#reThink13: Rage Globally, Shop Locally
By Tom Ewing
We live in a time and work in a business which offers us not just one change, but many: a buffet of disruption from which one picks according to one’s argument. People talk about technological disruption and ignore the revolution in our understanding of the mind. People talk about global growth and turn a blind eye to resource scarcity. Often these are necessary omissions – there is simply too much going on to take it all into account – but it means, as I blogged yesterday, that Big Picture thinking is often a little thin, with holes appearing when you stretch it too far.
J Walker Smith, of the Futures Company, didn’t completely escape this trap but had a good stab at it, managing to tie up two of the great trends of our time in an engaging keynote argument. He talked first about the Global Enraged – the product of a long-term decline in trust and more recent financial and political crises. What are they angry about? Take your pick – the gulf in justice and opportunity between rich and poor; the ineptitude or corruption of government; the concentration of wealth in the hands of a few. Close to a third of global consumers are very angry about all of this – but fully 90% are enraged by at least one of the factors Smith enumerated. These are not, as Smith repeatedly pointed out, people on the margins – it’s the global middle class that is angry.
This big tent approach to anger creates a genuinely global perspective, but risks papering over significant differences. For instance, Smith talked about how the middle class has gone from “looking up” – aspiring to more and feeling they have opportunities – to “looking down” – being scared of ending up like those beneath them on the social pyramid. This is surely true for swathes of the middle class in the West, but is it the case for the rising middle class of the global south? How useful is the idea of “middle class” here? And does talking about the middle class, but not mentioning the poor, or workers, betray a particular skew? Such are the problems with global talk.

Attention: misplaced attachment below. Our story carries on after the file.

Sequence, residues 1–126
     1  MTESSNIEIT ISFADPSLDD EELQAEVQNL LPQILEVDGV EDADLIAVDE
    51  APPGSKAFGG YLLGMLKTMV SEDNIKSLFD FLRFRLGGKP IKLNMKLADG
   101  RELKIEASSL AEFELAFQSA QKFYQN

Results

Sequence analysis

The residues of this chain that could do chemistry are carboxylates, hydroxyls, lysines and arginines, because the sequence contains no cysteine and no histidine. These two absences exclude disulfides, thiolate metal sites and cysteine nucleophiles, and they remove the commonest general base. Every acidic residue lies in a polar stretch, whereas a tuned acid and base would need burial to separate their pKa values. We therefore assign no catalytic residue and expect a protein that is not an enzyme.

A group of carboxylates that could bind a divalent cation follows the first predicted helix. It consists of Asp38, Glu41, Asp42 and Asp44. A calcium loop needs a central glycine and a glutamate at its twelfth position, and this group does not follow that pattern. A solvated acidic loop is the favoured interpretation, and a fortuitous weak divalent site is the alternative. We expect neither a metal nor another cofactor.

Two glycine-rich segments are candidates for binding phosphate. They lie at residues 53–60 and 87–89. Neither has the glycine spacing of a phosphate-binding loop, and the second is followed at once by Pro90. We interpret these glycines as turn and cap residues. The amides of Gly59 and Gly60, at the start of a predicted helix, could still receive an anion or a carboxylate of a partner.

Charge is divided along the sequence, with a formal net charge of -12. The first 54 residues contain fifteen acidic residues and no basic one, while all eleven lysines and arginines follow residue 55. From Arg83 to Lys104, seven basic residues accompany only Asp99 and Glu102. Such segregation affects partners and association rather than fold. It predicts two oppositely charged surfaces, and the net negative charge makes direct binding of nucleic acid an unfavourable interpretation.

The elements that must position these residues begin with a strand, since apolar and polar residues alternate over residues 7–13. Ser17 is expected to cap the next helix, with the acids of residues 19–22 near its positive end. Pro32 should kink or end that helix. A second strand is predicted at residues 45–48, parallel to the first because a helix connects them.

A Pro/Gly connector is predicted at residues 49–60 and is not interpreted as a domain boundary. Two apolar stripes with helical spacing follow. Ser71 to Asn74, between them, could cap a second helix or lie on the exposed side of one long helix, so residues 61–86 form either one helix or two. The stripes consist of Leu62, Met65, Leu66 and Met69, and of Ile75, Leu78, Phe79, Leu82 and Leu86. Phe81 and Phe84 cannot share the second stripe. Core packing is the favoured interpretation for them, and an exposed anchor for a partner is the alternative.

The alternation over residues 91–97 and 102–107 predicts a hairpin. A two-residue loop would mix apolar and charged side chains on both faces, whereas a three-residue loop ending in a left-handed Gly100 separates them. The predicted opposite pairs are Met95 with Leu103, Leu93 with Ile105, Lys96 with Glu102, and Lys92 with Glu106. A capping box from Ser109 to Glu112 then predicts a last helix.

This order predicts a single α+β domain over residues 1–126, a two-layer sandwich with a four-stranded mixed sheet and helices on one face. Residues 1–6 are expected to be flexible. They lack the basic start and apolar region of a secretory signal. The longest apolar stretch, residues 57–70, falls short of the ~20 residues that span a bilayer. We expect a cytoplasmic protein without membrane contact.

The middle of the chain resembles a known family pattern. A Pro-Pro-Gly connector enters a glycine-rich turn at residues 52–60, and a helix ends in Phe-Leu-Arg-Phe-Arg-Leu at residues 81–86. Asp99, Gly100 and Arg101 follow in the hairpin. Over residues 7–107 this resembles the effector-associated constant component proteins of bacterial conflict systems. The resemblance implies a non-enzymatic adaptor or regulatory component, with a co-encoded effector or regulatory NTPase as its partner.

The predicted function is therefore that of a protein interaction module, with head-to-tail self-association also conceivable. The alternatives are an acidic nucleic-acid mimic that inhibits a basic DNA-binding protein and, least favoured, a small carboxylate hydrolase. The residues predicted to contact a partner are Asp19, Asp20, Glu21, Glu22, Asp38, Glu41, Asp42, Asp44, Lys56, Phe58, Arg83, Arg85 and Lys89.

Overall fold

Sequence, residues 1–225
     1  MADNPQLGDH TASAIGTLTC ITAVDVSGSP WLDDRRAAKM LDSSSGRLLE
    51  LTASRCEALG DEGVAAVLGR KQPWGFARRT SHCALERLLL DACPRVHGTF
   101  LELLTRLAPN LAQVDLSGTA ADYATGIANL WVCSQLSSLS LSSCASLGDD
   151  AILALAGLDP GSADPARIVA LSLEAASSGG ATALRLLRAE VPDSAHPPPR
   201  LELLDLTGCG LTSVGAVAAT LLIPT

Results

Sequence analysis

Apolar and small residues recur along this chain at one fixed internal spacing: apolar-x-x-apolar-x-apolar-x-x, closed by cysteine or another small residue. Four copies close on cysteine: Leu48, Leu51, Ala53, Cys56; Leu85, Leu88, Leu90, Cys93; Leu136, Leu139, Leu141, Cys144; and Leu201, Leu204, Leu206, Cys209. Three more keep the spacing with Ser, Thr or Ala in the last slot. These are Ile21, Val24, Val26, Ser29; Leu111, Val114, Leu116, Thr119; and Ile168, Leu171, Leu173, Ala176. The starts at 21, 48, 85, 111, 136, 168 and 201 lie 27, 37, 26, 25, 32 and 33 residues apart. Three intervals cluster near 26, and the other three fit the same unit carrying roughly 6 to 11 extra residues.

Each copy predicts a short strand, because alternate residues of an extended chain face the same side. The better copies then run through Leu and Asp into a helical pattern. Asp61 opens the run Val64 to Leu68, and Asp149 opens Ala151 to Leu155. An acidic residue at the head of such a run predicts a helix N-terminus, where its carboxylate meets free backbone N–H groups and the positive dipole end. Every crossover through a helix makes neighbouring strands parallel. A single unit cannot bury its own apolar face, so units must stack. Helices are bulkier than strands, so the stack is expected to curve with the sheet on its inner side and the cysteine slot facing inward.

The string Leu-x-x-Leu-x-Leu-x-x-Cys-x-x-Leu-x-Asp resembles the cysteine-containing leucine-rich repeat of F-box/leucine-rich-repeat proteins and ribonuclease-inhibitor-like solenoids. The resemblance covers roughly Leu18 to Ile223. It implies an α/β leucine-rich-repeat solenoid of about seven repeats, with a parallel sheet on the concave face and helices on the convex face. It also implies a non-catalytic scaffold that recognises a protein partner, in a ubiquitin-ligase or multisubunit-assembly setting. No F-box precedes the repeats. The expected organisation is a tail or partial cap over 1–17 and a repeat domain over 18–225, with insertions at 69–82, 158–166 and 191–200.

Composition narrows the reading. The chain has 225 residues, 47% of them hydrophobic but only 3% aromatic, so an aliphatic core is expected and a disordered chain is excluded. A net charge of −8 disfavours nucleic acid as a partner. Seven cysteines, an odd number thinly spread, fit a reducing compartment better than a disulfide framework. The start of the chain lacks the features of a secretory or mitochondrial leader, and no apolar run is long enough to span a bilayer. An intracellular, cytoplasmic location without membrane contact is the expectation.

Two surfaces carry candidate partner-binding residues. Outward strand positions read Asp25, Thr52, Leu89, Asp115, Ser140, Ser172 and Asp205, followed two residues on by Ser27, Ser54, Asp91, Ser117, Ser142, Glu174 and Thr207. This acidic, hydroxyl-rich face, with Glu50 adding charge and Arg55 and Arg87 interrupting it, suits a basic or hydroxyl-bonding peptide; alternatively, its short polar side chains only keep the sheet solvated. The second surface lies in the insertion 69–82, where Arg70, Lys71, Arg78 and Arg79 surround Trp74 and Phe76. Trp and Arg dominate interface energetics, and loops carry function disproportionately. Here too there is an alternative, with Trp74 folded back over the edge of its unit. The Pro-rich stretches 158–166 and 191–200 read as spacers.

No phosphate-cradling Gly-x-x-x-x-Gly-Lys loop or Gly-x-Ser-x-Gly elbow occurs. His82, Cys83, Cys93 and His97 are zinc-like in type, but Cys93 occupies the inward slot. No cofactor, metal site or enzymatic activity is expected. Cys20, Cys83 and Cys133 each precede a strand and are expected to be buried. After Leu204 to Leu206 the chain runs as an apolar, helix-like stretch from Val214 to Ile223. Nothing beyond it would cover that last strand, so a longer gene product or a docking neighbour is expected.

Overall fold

Smith skilfully linked his Global Enraged with another big trend – what he called the “Kinship Economy”. In an era when business to consumer trust is breaking down, people turn more to each other for support and advice, and social media is there to help accelerate that. Social media has increased human connection, Smith argued, not diminished it.
What can brands and marketers do with this knowledge? Getting between people on social media is out – facilitating connections is in. Lowes, for instance, created an app which let people create and share room designs, and that’s typical of the “kinship economy” approach – it draws energy from people’s real connections with each other, rather than trying to create bogus ones between people and brands. “Don’t make things just about the brand”, said Smith, giving the example of Converse’s campaign teaching teenage boys how to kiss better – nothing to do with shoes, everything to do with lifestyle and social connections.
Will kissing campaigns and parking lot farmers markets – as set up by Whole Foods, in another Smith example – do much to stem the tide of global anger? Probably not, but the kinship economy thrives on personal touches and local connections. And ultimately, this was a talk by and for marketing people. As such it followed marketing’s habit of seeing matters in attitudinal terms, not material or political ones.
But when it comes to the Global Enraged, material factors count. It matters if people feel that big business or government is a racket, but it also matters whether or not they actually are. Tea Party protests in the US and anti-Austerity protests in the EU – two examples given by Smith – have certain features in common, but one big discontinuity: they can’t both be right. Not everyone is going to get what they want from global trends, in other words.
The upshot of this is that trust isn’t coming back – we are now in an era of mitigating global mistrust, rather than trying to reverse it. Smith talked about the rapidly rising costs of insuring against political risk and social unrest – Lloyds of London, which has begun offering such policies, can’t find the capital to meet the demand. We are in for bumpy times ahead, and I ended Smith’s fascinating talk still unclear as to how much apps and farmers markets will help when those times arrive.